SPRINGVILLE — Whatever happened to Earth Day? The ecology-driven observance still appears on calendars but hardly generates the response it did, 40 years ago.
The observance has been held annually on April 22, beginning in 1970. It is now coordinated globally by an organization called the Earth Day Network and celebrated in more than 192 countries.
Younger readers should understand the backdrop that surrounded this initial event. The United States was still bogged down in Vietnam and the generation gap was widening by the hour. Most adults, viewed as “The Establishment,” saw Earth Day as an opportunity for hippies to skip school and smoke pot. But that’s a topic for another time.
According to the Nelson Institute for Environmental Studies, Sen. Gaylord Nelson chose the date “in order to maximize participation on college campuses, for what he conceived as an environmental teach-in.” That’s just the level of language that alienated the older generation.
Nelson determined the week of April 19-25 was the best bet, as it did not fall during exams or spring breaks and did not conflict with religious holidays, such as Easter or Passover. More students were likely to be in class, and there would be less competition with other mid-week events.
Our society’s increased reliance on electrical devices is reflected in the designation of Earth Hour, a worldwide movement organized by the World Wide Fund for Nature. The event encourages individuals, communities, households and businesses to turn off their non-essential lights for one hour, from 8:30-9:30 p.m. on the last Saturday in March. I missed it this year.
While Earth Day lacks the impact it once had, the spirit of one person making a difference remains strong. The B Team, billed as “a non-profit organization led by young professionals dedicated to promoting a lasting sense of civic pride in the Greater Buffalo area,” is sponsoring a cleanup project at Red Jacket Park at the foot of Smith Street on April 26. The B Team has adopted this South Buffalo site for the 2014 Buffalo Niagara Riverkeeper Spring Shoreline Sweep. This event starts at 9 a.m. and finishes at noon.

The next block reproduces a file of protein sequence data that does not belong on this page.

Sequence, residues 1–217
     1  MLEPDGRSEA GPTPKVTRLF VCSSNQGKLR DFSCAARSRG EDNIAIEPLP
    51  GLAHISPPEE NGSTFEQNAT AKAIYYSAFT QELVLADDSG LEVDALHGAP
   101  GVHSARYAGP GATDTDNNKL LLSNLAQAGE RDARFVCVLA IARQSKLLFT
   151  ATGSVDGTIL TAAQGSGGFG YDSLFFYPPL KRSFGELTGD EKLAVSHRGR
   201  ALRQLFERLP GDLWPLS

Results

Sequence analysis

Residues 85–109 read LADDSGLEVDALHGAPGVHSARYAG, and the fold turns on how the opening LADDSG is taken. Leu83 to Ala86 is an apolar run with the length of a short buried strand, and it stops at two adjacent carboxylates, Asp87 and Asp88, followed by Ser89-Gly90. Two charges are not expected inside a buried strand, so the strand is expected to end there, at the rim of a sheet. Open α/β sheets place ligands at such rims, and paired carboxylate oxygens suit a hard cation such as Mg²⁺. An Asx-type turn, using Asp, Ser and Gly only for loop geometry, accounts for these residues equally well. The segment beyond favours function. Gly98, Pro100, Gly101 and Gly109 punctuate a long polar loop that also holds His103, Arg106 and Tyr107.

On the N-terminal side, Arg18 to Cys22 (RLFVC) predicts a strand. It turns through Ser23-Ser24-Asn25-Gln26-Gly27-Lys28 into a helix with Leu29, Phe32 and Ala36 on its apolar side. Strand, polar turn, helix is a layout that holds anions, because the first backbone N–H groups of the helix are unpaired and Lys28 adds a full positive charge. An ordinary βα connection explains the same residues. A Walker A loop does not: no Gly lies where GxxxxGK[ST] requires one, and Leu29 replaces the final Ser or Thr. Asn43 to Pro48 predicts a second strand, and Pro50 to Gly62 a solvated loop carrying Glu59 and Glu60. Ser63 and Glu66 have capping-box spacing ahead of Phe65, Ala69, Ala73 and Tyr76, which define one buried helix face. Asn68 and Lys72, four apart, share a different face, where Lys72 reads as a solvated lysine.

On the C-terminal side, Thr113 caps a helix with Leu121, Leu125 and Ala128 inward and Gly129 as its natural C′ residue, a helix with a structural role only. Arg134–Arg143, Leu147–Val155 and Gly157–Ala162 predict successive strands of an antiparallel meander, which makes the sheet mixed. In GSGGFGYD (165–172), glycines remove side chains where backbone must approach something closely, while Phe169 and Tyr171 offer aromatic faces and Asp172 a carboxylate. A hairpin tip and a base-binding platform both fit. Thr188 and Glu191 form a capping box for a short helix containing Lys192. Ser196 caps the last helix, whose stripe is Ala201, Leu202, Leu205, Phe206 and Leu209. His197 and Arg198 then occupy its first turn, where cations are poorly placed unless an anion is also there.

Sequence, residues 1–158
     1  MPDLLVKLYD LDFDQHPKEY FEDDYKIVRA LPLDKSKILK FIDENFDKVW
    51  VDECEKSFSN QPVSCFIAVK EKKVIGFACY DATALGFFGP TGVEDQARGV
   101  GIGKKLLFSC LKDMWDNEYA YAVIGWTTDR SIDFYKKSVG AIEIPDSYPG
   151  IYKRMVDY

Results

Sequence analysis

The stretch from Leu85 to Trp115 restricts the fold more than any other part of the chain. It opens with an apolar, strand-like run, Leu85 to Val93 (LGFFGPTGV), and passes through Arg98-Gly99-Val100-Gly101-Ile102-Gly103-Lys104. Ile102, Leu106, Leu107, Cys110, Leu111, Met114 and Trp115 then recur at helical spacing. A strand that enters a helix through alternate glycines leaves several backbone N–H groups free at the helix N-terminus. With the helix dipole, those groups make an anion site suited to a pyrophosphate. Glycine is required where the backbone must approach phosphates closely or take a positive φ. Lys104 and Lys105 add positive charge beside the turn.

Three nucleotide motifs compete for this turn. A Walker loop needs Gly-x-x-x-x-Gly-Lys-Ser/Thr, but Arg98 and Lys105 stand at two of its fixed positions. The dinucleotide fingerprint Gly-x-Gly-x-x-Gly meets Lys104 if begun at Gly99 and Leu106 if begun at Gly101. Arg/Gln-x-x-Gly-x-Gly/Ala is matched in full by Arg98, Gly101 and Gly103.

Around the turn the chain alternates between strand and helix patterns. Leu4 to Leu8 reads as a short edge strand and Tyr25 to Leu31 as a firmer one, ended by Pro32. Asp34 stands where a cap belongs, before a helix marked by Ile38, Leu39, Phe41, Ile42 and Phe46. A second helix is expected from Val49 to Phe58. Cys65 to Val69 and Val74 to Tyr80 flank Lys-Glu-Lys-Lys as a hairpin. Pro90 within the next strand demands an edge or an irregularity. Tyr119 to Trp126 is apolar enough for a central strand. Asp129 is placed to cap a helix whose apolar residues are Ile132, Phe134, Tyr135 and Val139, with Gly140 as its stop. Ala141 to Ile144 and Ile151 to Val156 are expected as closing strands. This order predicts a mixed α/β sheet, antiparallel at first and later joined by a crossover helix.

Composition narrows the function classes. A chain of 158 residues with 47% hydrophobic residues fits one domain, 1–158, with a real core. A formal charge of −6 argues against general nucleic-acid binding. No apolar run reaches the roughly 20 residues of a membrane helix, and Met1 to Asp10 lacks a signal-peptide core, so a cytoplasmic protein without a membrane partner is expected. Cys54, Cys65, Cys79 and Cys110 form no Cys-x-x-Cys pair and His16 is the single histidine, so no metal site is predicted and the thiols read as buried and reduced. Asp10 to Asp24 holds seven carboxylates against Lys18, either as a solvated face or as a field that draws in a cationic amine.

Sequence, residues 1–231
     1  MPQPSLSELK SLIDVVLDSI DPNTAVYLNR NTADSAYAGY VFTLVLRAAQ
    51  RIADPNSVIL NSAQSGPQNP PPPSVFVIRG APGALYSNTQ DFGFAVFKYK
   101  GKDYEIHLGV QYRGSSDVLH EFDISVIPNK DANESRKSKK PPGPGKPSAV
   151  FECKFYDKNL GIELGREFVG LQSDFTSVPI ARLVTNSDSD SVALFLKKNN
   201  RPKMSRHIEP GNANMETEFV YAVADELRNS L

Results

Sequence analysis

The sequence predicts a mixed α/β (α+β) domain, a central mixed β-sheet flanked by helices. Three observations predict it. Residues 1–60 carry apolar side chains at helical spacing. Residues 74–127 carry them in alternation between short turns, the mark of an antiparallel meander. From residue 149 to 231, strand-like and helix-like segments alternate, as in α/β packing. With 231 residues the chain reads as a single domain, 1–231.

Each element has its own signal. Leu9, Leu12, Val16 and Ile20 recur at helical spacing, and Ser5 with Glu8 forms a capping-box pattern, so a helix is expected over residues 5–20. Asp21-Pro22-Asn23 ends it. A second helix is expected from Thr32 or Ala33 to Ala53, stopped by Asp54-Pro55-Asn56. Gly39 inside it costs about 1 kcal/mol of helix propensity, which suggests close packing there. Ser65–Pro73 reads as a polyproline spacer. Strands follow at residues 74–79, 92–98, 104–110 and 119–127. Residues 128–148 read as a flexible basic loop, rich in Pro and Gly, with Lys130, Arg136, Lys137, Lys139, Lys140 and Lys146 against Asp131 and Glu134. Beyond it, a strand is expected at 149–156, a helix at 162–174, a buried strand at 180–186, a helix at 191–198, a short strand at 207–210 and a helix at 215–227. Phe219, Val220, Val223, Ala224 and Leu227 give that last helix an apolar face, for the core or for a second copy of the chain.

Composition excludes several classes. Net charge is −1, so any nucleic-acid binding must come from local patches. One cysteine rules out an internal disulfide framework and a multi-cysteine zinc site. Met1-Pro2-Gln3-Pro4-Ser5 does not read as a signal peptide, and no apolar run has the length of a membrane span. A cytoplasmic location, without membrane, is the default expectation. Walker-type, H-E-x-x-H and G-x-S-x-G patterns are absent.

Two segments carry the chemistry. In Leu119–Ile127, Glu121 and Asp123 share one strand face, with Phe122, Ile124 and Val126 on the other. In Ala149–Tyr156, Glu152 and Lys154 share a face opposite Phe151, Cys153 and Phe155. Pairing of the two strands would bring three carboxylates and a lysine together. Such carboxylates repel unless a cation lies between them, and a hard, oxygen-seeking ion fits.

This is a great project, made possible by volunteers on a mission. How wonderful it would be if there was enough energy to perform similar cleanups throughout the region, throughout the year.
Not every environmental good deed needs organization and structure. Some can be done individually.
Stop using the flimsy plastic bags utilized by grocery stores and other retail outlets. The large, durable sacks sold by supermarkets hold more than the transparent versions and don’t tear. The best way to get consumers to make the change is to charge 5 cents for each plastic bag required when making a purchase. That’s how it’s done in the District of Columbia.
The Anacostia River Clean Up and Protection Act requires all District of Columbia businesses that sell food or alcohol charge 5 cents for each disposable paper or plastic carryout bag.
The business retains 1 cent (or 2 cents, if it offers a rebate when customers bring their own bag), and the remaining 3 or 4 cents goes to The Anacostia River Clean Up and Protection Fund. As of September 2013, the measure has raised more than $7.4 million in bag fees.
Maybe Erie County could consider the same move, in the interest of establishing and maintaining a cleaner waterfront and the rivers and creeks that add to our region’s beauty.
Heightened awareness of our environment is not just a matter of turning off lights, picking up trash or deciding which bags to use when shopping. It includes recycling, energy conservation and proper motor vehicle maintenance.
A generation ago, Earth Day was seen as revolutionary. It still can be.
To volunteer for the Red Jacket Park project on April 26, send an email to email@example.com.
David F. Sherman is managing editor of Bee Group Newspapers and a columnist for the Weekly Independent Newspapers of Western New York, a group of community newspapers with a combined circulation of 286,500 readers. Opinions expressed here are those of the author. He can be reached at firstname.lastname@example.org.